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2017 X WKF Junior, Cadet &U21 Championships, October 25-29, Santa Cruz de Tenerife
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2017 X WKF Junior, Cadet &U21 Championships, October 25-29, Santa Cruz de Tenerife

Report Day 4 - Competition Day 1

Wednesday morning heralds the first day of the 22nd World Karate Championships. The stadium is incredible, three tiers of seating, 10000 seats, 107 countries, 1200 athletes, 5 days of competition, 3 days sold out. Be under no illusion, this is the WORLD KARATE CHAMPIONSHIPS.

Kata begins the day with our representatives Aimee Sell, current World Junior Bronze Medallist and John Gardiner competing in the individual event for the first time.

John was first out for England soundly beating India 5 - 0 with a strong Empi. Next round was against Iraq. John performed Gojushiodai losing 3 -2, after a slight wobble. It's all about margins of error at this level and John will take a lot away from this experience.

Aimee came out against San Marino trouncing her opponent 5-0 with an excellent Annan. Next round saw her again show the difference in class beating Croatia 4-1 with Supa empi. Her third round opponent was an accomplished Bulgarian opponent, Aimee's execution of Chatanyara was exemplary and yielded a 5-0 win. This win took Aimee into the quarter finals where she faced a formidable Japanese opponent who had not dropped a flag on route so far. Unfortunately Japan maintained their momentum with an emphatic 5-0 win in spite of Aimee's excellent execution of Unsu. Nevertheless, all was not lost as Japan won through to the finals putting Ms Sell into the repercharge. Aimee faced Mexico for a chance to compete for Bronze. Unfortunately it was a bridge too far on this occasion with Aimee losing 4-1 performing Nipaipo.
Great performance and a fantastic boost for the Team kata.

The afternoon began with one of our seasoned campaigners Alton Brown competing in his new category -84 kg. Alton in his inimitable style immediately maximised his greatest attributes, speed and timing. His opponent from CuraƧao was peppered with lightning fast gyaku zukis and kizami's resulting in a 4-0 win and a confident stride onto his next opponent from Albania.

Again the weight and height differential was quite stark. Alton using his experience tried to avoid clinches and used his movement and kicking speed to great effect scoring with a beautiful backleg mawashi geri. Nevertheless he picked up a number of warnings for contact by his refusal to be intimidated.

His third round Egyptian opponent was from the start wary of Alton's speed and used his height to throw arrow kizami's at Alton who tried to get his distance. When he did, a beautiful timed gyaku zuki was scored. The Albanian countered with of course a kizami off the line followed immediately by scoring a feint kizami, front leg mawashi geri earning 3 points. Alton worked to get the points back but to no avail. At the buzzer he was out, disappointed and then dejected when the Egyptian lost in the semi final, crushing his hopes of the repercharge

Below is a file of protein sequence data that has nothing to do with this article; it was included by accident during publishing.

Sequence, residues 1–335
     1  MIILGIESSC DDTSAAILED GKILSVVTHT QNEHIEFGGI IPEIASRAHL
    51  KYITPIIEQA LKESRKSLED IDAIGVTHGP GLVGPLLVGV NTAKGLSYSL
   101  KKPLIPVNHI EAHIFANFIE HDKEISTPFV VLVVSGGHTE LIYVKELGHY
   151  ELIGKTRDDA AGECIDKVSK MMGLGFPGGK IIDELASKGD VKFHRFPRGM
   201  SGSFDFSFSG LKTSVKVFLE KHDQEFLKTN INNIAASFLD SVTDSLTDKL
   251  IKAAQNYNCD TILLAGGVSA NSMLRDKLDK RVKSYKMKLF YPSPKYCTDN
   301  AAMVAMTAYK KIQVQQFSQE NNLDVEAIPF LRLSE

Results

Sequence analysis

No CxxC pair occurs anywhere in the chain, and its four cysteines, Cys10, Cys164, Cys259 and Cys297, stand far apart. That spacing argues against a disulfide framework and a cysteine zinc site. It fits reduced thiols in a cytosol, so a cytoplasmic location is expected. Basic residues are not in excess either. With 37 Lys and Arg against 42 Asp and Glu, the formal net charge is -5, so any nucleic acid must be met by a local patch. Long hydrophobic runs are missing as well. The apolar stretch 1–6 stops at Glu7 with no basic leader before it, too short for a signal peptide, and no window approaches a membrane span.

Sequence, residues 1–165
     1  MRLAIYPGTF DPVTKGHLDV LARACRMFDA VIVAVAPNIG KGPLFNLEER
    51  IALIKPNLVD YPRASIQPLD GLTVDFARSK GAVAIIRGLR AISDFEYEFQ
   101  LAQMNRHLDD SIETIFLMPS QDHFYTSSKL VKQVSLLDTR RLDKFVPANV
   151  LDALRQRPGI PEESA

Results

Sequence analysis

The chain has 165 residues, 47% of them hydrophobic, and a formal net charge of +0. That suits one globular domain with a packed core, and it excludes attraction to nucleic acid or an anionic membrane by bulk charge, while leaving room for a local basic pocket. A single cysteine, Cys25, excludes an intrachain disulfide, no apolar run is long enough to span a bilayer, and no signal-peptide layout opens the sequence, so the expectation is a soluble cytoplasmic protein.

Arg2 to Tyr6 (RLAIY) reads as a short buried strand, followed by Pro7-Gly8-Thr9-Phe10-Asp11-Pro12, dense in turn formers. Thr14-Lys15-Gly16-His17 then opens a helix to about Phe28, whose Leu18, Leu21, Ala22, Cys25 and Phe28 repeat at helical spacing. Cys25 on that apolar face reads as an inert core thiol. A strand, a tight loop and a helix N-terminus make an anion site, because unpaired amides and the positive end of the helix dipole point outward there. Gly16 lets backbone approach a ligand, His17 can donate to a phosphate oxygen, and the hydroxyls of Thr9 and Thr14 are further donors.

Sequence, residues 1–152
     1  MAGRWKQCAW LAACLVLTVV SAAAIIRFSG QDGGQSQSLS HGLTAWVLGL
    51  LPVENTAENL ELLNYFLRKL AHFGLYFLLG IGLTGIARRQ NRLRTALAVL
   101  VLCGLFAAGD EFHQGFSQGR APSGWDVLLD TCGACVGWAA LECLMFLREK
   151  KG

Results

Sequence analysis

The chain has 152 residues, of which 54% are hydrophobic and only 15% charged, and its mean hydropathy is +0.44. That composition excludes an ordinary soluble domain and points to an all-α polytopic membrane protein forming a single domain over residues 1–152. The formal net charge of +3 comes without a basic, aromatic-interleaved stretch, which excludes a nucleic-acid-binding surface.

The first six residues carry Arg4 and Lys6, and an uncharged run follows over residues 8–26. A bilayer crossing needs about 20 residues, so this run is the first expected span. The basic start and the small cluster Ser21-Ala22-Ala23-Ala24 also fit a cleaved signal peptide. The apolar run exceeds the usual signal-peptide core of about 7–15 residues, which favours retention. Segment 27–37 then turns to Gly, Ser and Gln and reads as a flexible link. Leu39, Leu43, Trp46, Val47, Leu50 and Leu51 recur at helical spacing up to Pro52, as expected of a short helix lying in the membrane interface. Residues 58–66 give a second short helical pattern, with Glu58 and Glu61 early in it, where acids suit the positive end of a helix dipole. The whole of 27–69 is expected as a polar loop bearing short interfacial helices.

Next out was the first of the ladies Amelia Harvey competing in the +68 category. One of England's new "young guns" Amelia came out firing, skilfully scoring on her Swiss opponent (current European Champion) with 2 laser like Jodan gyak's for a 2-0 win to make an impressive debut at her first Senior World's. Amelia upped her pace and intensity in the next round against her Polish opponent scoring with fluid double Jodan punches and counter Jodan and Chudan gyaku winning 6-0. A potentially difficult fight was nullified early by precision and power punching.

The next round was altogether a different ball game. Amelia faced a Japanese opponent with impeccable distance, timing and speed on both her punching attacks and counters. Amelia worked hard with Coach Willie Thomas trying to negotiate her way past the impressive Japanese armoury, but to no avail. Amelia lost 5-0 but had made an excellent impression on the world stage. Amelia then faced further disappointment when the Japanese competitor surprisingly lost in the next round on flags meaning no repercharge.

Next out was Kate Karwacinski the current Junior European Medallist. Kate faced a Chinese opponent who did not let her get into her stride. Kate went a point down and ended up chasing the fight losing 2-1.

Last out was Ryan Jay, one of England's top juniors competing at his first Senior World Championships. From the first exchange Ryan showed his maturity out timing his committed Dominican opponent 2-0. Iran was Ryan's second round fight and this proved to be a tough match. The Iranian's experience at this level became clear as he picked up points from every little opportunity he had. Ryan as always fought to the buzzer but lost 5-0 and learnt a lot.

The day finished uncharacteristically late with no medals for England but some excellent performances that will unquestionably inspire those competing tomorrow.

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